On June 30, Wiley College received $20,000 from the United Negro College Fund (UNCF) and the NFL in an effort to strengthen the technology-based infrastructure of the Second-Chance Pell grant program.

The program provides those that are incarcerated the opportunity to earn an undergraduate degree.

Courtney Moses, a Business Administration major, spent the better part of the last 5 years behind bars. He had no idea what was next for him until he learned about Wiley’s Correctional Education Program. The recent graduate shared that although incarcerated, he is optimistic about his future.

Stories like his are not an anomaly thanks to the Second Chance Pell program. Data shows that programs like this help to cut recidivism rates by more than half.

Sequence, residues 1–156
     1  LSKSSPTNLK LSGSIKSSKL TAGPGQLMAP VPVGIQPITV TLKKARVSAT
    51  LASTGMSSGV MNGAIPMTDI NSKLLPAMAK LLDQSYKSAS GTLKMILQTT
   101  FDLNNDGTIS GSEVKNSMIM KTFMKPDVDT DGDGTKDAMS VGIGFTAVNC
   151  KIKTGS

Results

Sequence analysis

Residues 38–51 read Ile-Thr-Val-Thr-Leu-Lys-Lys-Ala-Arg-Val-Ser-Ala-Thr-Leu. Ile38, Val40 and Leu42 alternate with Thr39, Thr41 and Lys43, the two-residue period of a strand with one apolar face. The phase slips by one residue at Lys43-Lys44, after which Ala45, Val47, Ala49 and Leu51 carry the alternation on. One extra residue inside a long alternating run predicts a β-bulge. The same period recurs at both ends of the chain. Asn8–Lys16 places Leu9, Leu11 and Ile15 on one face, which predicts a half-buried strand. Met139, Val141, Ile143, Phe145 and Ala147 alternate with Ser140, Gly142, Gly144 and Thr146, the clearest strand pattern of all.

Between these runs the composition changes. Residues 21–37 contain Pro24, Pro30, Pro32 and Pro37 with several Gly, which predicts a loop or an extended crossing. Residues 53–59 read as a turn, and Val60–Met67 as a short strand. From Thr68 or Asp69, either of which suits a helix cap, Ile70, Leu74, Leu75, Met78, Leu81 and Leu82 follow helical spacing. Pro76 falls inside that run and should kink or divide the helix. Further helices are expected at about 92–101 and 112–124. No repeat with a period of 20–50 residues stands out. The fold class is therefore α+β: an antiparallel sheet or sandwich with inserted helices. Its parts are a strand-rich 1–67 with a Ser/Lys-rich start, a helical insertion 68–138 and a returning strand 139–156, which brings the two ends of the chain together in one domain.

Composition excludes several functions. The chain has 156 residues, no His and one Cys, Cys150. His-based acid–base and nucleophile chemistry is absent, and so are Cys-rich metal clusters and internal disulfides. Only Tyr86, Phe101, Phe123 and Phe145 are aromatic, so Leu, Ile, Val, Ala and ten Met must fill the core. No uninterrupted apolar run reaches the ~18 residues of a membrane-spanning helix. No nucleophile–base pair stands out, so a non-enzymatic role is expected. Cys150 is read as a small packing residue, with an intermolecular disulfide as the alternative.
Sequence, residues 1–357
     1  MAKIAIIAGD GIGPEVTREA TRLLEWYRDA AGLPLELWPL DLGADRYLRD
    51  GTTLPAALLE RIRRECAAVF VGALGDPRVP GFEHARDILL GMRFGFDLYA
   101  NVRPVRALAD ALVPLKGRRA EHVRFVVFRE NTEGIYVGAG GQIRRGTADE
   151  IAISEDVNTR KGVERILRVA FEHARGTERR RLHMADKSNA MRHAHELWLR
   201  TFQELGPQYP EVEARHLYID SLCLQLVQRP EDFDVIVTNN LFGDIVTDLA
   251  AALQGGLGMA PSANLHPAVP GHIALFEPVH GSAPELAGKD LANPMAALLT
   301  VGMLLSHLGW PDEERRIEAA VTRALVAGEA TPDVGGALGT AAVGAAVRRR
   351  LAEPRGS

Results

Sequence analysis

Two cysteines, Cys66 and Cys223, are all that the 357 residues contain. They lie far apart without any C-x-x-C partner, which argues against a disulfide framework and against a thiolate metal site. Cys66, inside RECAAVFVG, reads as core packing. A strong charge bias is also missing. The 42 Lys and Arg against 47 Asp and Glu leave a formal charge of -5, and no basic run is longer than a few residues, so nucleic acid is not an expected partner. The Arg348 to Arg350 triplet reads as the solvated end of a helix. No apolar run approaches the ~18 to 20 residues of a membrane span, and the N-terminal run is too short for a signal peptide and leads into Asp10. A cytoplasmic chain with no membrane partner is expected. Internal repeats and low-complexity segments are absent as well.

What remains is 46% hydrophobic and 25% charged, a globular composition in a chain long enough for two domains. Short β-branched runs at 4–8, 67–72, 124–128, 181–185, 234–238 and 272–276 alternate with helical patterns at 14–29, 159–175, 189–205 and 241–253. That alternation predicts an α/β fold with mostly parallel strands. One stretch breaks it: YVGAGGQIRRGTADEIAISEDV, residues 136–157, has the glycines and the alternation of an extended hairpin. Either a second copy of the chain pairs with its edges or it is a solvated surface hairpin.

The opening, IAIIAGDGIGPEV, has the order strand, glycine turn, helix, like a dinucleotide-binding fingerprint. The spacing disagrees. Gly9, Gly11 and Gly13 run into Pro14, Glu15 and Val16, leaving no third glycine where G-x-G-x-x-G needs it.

“If not for this program, I would still be wondering what was next when I got out,” said Moses who is already considering graduate school opportunities.

Javan Reed, Assistant Vice President of Extended Education at Wiley is optimistic that the funds will be able to increase the capacity of services that they can provide to students.

“These funds are more than just a hand-out. They are a hand-up” said, Reed. With this gift, Wiley College is positioned to make an even greater impact on other students like Courtney Moses.

Currently, the program houses 70 students from the Raymond Laborde Correctional Center in Cottonport, LA, David Wade Correctional Center in Homer, LA, and Riverbend Detention Center in Lake Providence, LA. This grant will create opportunities for more than 200 additional students to participate in the program.